Together, these suggest some degree of accountability -- currently absent in the Bush Administration's tenure -- actually existed somewhere in American government. While failures of these committees to force accountability can't be arbitrarily heaped upon Senator Lieberman, his presence on such potentially powerful committees could play an important role in enforcing oversight that mustn't be overlooked -- particularly as we cast an eye toward the possible future that the upcoming November elections may bring.
In the meantime, Lieberman claims on his website that his work on "Intelligence Reform and Prevention" as well as the "Hurricane Katrina Investigation" are examples of his worth -- somehow, the efforts appear to be lacking in accomplishment. (See this DailyKos story regarding what Lamont had to say about Joe's Katrina accomplishments.)
Senator Lieberman is a member of the Armed Services Committee, where he is Ranking Member on the Subcommittee on AirLand Forces and sits on the Subcommittees on Emerging Threats and Capabilities and Seapower. The Senate Armed Services Committee is responsible for all matters relating to defense policy of the United States, including oversight of the Department of Defense and the nation's armed forces.
This committee has a pivotal role in our preparation for and execution of war, as well as our capacity to engage in the "Global War on Terror" that the President has unilaterally declared. Taken together, the three committees represent a trifecta of focal points that could finally force the Bush Administration to be accountable, responsible and effective.
Or, as mentioned before, not so much.
Lieberman's presence on these committees -- particularly if under GOP influence -- may be the crucial part of the power struggle that will likely ensue in Congress after the November elections. His presence could also prove pivotal in any potential decision to participate in a new conflict, like Iran.
Many Democrats have called upon Harry Reid to yank Lieberman's committee posts since his decision to run as a petitioning candidate against a Democratic primary winner. That, however, that isn't feasible -- and even if the Democrats take control of the Senate, it may not be possible. In the recent DailyKos diary "Reid Can't Strip Lieberman of Committees. Here's Why" by BigDog04, we're informed about a little-known aspect of Senate procedure that the diarist culled from an article by Bob Geiger. Here's the excerpt cited with the pertinent and meaty tidbit:
while many of the calls for harsh action from Reid may be righteous, bloggers castigating him for not stripping Lieberman of his committee assignments <snip><snip>and urging their readers to call Reid's office to harangue him about this, are simply wrong and not reporting accurately on what is or is not within Reid's authority.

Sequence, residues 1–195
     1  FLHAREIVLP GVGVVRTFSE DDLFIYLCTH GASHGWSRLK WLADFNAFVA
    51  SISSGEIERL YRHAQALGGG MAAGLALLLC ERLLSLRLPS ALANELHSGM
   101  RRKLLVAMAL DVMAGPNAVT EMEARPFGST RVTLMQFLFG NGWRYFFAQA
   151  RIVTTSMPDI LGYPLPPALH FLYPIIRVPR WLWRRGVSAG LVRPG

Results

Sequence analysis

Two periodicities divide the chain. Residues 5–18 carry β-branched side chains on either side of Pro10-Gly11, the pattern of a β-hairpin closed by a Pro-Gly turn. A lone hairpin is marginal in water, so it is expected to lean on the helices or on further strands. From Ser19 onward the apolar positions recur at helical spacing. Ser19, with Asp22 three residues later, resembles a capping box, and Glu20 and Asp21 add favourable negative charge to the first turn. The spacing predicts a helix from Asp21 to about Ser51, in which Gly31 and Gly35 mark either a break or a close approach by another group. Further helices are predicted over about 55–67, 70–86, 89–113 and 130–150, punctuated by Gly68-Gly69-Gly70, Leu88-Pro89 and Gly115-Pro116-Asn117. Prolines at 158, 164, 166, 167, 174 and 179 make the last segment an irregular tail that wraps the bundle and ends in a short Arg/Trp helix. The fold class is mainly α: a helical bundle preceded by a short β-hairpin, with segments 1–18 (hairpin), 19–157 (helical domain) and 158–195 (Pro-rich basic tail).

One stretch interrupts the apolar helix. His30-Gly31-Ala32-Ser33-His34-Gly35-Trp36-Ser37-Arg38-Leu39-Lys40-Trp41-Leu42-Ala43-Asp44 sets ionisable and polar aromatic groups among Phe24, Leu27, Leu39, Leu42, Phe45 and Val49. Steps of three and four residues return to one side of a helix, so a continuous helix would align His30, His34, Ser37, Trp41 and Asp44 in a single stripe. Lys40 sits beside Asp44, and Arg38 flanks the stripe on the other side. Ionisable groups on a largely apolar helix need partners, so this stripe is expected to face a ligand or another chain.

Based on the way the Senate works procedurally, this is simply not something that Reid even has the authority to do.
The membership in Senate committees is decided at the start of every Congress with a haggled-out thing called an "organizing resolution." The entire Senate votes on it
To give Joe his well-deserved comeuppance by taking him off committees and effectively making him the most junior member of the Senate, Reid would have to formally propose an amendment to the current organizing resolution, manage to get it to a vote and then get every Democrat and a handful of Republicans to vote for a new committee organization sans Lieberman.
Reid's hands are tied, and will likely remain so -- unless Lieberman loses the November election. The suspect loyalty of Joe Lieberman makes his loss in November critical in order to guarantee that a "real" Democrat can be put onto the committees that Joe currently serves.
Would a Lieberman loss have let the Democrats set up a new Dem leader for those key committee assignments, or would the rules regarding the change of majority in the Senate have left the GOP in an equally but more obviously powerful leadership position?
Regardless, I feel that "the Lieberman situation" is one example of many where we, the netroots, have brought serious and significant concerns to light that coulda / woulda / shoulda (and, in some instances, have) made significant strides toward correcting the course of this nation over the past seven years of abuse and malfeasance.
Our nation doesn't need to be in the position it finds itself in today, if only our leadership -- our leadership, the progressive and patriotic leadership -- took heed. If the Democratic party (or any progressive party) wants to find itself in a position of growing power and support, the formula is simple: listen to the people.
Keep us informed.
Protect our methods of communication, including our privacy and our capacity to share equally and freely in the use of the internet.
Heed our thoughts, our words and our advice, and we'll support you.
United, we stand.
Together, we'll make a difference.
Divided, we fall...
1. "kabuki theatre in a Potempkin village" is a term I coined a while back to describe my perceptions of the actions within the Beltway, particularly and usually focused on the antics of the Bush Administration and the GOP members of Congress but all-too-applicable to the Congress, DoJ and Executive Branch operations in general for this day and age -- regardless of party lines and affiliations.